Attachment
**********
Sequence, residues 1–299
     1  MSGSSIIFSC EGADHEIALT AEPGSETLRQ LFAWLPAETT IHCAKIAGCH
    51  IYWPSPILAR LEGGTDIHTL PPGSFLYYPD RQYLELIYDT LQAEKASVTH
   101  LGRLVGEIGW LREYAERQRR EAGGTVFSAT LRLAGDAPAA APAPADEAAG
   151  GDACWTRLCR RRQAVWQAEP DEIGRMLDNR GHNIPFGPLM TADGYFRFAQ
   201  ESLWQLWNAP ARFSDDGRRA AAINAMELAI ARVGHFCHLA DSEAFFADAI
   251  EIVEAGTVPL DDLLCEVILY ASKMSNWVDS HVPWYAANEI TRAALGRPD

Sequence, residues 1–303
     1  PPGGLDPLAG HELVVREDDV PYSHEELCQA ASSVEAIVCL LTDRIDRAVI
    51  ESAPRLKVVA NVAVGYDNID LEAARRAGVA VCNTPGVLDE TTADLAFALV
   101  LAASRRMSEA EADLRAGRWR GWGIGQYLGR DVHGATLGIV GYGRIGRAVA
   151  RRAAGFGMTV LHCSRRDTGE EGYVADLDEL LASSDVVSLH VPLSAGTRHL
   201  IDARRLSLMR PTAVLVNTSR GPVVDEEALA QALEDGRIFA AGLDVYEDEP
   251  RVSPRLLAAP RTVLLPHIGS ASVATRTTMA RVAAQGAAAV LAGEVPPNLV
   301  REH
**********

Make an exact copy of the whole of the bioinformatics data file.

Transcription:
Sequence, residues 1–299
     1  MSGSSIIFSC EGADHEIALT AEPGSETLRQ LFAWLPAETT IHCAKIAGCH
    51  IYWPSPILAR LEGGTDIHTL PPGSFLYYPD RQYLELIYDT LQAEKASVTH
   101  LGRLVGEIGW LREYAERQRR EAGGTVFSAT LRLAGDAPAA APAPADEAAG
   151  GDACWTRLCR RRQAVWQAEP DEIGRMLDNR GHNIPFGPLM TADGYFRFAQ
   201  ESLWQLWNAP ARFSDDGRRA AAINAMELAI ARVGHFCHLA DSEAFFADAI
   251  EIVEAGTVPL DDLLCEVILY ASKMSNWVDS HVPWYAANEI TRAALGRPD

Sequence, residues 1–303
     1  PPGGLDPLAG HELVVREDDV PYSHEELCQA ASSVEAIVCL LTDRIDRAVI
    51  ESAPRLKVVA NVAVGYDNID LEAARRAGVA VCNTPGVLDE TTADLAFALV
   101  LAASRRMSEA EADLRAGRWR GWGIGQYLGR DVHGATLGIV GYGRIGRAVA
   151  RRAAGFGMTV LHCSRRDTGE EGYVADLDEL LASSDVVSLH VPLSAGTRHL
   201  IDARRLSLMR PTAVLVNTSR GPVVDEEALA QALEDGRIFA AGLDVYEDEP
   251  RVSPRLLAAP RTVLLPHIGS ASVATRTTMA RVAAQGAAAV LAGEVPPNLV
   301  REH